Ferment: Exploding the Boundaries

Oct 21, 2014

Adam Field_onggiThis is not a local event, and actually it’s a bit of a hike, but it includes Altadena’s own Joseph Shuldiner of the Institute of Domestic Technology and we think the idea sounds fascinating so carve out some time and gas up the car.

Shuldiner has collaborated for the last six months with Cal State Long Beach and the Long Beach Museum of Art in what is being called a “Social Practice Art Event,” the culmination of which will be a community event on October 25th.

Exploding the boundaries between art, craft, food and community, “Ferment” seeks to address the intersection between a community’s deep foodcrafting traditions and the act of art making.

The first collaborating event was Shuldiner instructing CSULA Ceramics Department students about fermented food traditions and techniques. He explained how, historically, foods were fermented in crocks and jars. Then Shuldiner “let them loose through the summer to create, and interpret their own series of unique vessels.”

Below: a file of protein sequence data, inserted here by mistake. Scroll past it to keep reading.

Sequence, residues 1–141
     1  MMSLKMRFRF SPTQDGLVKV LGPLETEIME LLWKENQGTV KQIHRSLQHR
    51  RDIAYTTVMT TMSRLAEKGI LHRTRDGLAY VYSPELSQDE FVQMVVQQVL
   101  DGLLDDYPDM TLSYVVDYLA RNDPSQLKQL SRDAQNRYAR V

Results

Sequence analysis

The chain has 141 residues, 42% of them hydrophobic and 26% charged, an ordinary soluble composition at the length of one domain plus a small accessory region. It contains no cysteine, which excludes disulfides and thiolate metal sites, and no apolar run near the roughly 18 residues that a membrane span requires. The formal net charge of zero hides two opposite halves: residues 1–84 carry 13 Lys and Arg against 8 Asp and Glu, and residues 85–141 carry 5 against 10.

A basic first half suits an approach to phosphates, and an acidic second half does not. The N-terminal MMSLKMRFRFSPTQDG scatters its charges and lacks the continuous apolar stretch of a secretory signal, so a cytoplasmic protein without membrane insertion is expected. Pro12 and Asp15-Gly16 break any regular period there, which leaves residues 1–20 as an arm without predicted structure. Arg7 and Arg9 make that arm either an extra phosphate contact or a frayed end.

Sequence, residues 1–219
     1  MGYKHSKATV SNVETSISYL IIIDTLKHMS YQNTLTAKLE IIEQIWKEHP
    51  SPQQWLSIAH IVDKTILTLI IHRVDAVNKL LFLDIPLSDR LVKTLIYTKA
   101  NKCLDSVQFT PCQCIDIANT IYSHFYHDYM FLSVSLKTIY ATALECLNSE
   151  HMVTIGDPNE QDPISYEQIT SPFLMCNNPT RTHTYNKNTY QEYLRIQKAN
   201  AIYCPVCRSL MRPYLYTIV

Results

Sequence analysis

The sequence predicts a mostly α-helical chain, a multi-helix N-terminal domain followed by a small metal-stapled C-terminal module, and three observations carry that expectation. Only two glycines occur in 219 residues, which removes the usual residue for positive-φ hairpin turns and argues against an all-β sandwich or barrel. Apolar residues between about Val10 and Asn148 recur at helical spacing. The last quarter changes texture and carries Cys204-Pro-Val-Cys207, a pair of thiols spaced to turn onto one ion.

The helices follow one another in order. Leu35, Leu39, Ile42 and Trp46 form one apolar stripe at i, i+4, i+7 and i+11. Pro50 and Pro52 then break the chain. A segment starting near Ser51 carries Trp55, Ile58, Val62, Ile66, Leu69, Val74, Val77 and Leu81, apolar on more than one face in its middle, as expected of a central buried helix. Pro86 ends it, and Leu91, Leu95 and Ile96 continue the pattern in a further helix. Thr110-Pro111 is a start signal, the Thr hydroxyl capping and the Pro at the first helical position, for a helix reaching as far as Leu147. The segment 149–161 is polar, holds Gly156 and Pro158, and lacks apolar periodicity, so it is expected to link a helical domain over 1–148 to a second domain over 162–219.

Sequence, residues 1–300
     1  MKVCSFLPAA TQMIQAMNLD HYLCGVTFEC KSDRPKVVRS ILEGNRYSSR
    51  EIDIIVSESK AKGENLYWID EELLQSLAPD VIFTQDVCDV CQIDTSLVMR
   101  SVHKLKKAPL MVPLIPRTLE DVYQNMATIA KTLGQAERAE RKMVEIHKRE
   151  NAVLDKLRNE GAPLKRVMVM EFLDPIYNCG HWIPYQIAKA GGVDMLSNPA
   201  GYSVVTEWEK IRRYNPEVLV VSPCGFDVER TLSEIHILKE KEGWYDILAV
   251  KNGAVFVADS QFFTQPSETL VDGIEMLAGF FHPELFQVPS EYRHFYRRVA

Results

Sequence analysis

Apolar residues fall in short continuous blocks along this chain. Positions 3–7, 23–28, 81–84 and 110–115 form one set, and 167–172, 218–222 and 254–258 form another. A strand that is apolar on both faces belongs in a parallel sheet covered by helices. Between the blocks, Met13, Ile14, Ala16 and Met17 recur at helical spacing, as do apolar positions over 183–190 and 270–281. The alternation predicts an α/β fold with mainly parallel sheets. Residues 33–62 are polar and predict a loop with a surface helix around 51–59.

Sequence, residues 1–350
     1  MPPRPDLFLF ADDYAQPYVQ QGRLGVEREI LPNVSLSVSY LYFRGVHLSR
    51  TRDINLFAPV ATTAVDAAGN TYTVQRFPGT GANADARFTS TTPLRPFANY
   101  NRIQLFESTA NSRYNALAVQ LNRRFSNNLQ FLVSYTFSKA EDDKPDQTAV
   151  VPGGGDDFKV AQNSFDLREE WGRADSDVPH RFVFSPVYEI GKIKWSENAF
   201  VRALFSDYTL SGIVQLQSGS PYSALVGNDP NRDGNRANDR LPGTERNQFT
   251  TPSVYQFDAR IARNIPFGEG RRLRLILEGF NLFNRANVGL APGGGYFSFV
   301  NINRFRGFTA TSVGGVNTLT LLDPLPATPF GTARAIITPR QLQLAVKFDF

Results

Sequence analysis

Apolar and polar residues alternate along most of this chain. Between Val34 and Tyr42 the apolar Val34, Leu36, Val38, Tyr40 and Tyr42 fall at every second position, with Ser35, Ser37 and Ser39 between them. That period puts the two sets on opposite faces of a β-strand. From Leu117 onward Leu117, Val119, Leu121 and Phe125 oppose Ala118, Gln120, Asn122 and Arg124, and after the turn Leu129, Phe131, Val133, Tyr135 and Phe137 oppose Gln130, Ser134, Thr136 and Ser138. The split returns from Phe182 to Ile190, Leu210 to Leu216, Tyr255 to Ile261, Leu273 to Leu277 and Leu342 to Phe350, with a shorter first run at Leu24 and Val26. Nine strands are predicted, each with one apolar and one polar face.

He returned to CSULA this last September to view the student’s vessels and they led them in a “hands-on group make,” which means a bunch of folks making heaps of sauerkraut, kimchi, and fermented ginger-bug soda.

On Saturday, October 25th, these fermented foods and drink will be available for the tasting. Guests will also receive “a commemorative fermenting crock and ceramic plate created by CSULB students with glaze incorporating wood ash sourced from the Long Beach wood-fired pizza oven at P3 Restaurant.”

Participating artists include Vipoo Sirvaliasa, a Thai-born Australian artist, and Adam Field, long-term artist in residence at the Archie Bray Foundation, MT.


Saturday, Oct. 25th, 6:30-8:30 p.m.
Long Beach Museum of Art
2300 E. Ocean Blvd., LB 90803
Cost: $50, per person; $35, museum members
Reservations are required; purchase here
For more info, visit
Or contact Lisa Marsh at 562.439.2119, ext, 255




Photo, top right: Adam Field in 2008, studied the art of making traditional Korean earthenware at Ohbuja Onggi.

Photo of ferment vessel, above, courtesy of LBMA.





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